Blackguards is a turn-based fantasy RPG from German outfit Daedalic, based on the Dark Eye roleplaying system. It’s out on Steam Early Access now, and is due for a full release next month. I tried playing it earlier today, for a brief spell. Did it make me want to continue playing? One way to find out. Well, you could kidnap me and ask me by force, but I’d rather you just read this, to be honest.
Only the boring get bored. That must make me a very boring person indeed, because by God I was bored. Not throughout, true, but too often to want to persevere.
In a way, I’m glad that early-2000s-style fantasy RPGs are still kicking about on PC – a game like Blackguards was bread and butter of my reviewing job a decade ago, and I tended to enjoy sitting down with something far too long and involved even if the writing and acting was inevitably terrible. Things are different now though, more so once the glut of Kickstarted ‘old school’ RPGs start to arrive, and we’ve extremely focused fare such as Avernum on one end and mega-glossy Biowarefare on the other, with assorted roguelikes/roguelikelikes lurking somewhere in the far reaches. I really do want a middleground, but not like this.
I know it’s early access, but it’s also just one month from full release. Despite an interesting and uncommonly elaborate combat system, Blackguards feels cheap, stodgy and uncertain of purpose, attempting to make do with one voice actor trying to do a dozen different accents, sloppy translations and a UI about as intuitive as a large hadron collider. It talks and talks and talks and talks and talks, woeful words with hokey, stilted performances, and like a dinner party guest who only has anecdotes about his time selling air compressors in 1974, it thinks if it just keeps talking we’ll somehow become interested. This sort of thing:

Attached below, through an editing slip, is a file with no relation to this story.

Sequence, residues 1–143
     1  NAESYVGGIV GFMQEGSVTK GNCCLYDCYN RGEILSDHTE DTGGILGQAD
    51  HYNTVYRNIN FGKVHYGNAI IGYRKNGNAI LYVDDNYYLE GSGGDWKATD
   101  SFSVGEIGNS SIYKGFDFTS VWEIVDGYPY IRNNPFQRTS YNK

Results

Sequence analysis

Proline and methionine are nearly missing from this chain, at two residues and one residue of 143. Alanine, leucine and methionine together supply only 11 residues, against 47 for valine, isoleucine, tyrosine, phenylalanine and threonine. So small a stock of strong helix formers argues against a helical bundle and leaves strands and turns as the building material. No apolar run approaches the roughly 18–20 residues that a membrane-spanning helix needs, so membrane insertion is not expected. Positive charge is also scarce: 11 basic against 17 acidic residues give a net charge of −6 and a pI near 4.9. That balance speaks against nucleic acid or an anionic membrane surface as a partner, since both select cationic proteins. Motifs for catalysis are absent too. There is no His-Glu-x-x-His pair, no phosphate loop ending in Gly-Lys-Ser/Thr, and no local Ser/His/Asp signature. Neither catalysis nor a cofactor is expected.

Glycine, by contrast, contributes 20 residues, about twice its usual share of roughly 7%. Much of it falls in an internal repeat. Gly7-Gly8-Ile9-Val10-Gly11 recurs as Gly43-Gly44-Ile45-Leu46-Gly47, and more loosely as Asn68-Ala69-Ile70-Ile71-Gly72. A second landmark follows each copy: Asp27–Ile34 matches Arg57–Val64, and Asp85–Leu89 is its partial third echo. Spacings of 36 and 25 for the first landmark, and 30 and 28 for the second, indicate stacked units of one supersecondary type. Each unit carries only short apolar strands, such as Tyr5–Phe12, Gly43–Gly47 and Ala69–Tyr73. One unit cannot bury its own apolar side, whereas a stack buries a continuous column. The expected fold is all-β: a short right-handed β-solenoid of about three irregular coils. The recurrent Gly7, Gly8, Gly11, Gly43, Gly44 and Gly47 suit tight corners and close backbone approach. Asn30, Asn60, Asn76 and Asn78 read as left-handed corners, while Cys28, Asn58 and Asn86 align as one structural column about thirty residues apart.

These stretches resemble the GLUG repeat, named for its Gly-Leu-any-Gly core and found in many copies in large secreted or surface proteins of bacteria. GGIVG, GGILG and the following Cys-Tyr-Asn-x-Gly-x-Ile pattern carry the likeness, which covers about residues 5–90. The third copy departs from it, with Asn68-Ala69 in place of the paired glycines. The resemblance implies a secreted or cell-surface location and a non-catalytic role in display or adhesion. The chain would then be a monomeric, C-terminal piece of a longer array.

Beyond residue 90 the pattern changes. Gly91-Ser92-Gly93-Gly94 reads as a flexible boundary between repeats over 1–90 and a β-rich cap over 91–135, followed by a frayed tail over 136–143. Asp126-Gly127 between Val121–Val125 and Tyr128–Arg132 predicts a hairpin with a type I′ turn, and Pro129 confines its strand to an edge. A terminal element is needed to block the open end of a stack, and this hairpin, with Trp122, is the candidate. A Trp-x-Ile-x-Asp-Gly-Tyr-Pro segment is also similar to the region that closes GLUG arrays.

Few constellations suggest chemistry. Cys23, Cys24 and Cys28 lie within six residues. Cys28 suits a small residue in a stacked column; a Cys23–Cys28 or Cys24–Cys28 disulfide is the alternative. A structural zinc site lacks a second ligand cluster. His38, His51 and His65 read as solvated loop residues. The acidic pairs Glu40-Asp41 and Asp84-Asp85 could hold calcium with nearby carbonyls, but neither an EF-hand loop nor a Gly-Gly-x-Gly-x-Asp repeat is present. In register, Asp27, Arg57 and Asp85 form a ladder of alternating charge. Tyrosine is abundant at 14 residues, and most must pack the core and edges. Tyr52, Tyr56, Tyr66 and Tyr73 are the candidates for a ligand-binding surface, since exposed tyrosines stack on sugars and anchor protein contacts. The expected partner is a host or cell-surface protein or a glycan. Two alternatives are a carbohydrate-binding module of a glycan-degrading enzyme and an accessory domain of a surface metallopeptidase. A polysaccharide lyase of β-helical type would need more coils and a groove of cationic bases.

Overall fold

I tried streaming it on Twitch earlier, and quite understandably the viewer count dwindled away in tandem with my enthusiasm. It’s a dispiriting enough game to play – to spectate must be oppressively dull. There’s a dwarf with a naff Yorkshire accent, there’s a wizard with a camp accent, there’s endless exposition between characters who are clearly voiced by the same person, there’s a loading screen every two minutes, and once in a while there are more involving but glacially slow and visually awkward turn-based battles that involve combing through an interface made up of all the tiny, infuriatingly similar circles in the world. This speaks to the impressive range of tactical options available, but the presentation does get in the way of both understanding and excitement. It plays a bit like Warhammer Quest on iOS, in that it involves using a small squad of players thoughtfully in order to contain and destroy more numerous opponents, but it doesn’t have the pep, the speed, the sense of purpose – it just wants to talk, talk, talk, talk.
There was one moment whose ingenuity impressed me, though I’d argue it arrived too soon, presenting a stiff challenge before there’d been a chance to get to grips with the unwieldy interface. Doesn’t help that the key to surviving this scene is uttered as one apparently throwaway line among the deluge of comedy-accented bullshit earlier on. I found myself, for what I think was just my fourth battle in the game, in a swamp, facing an enormous Wood Troll, which was essentially a fatter Ent. Its waistline was matched only by its colossal amount of hitpoints, which my trio of weak, poorly-equipped newbie characters had little chance of whittling down before the damned thing clobbered us.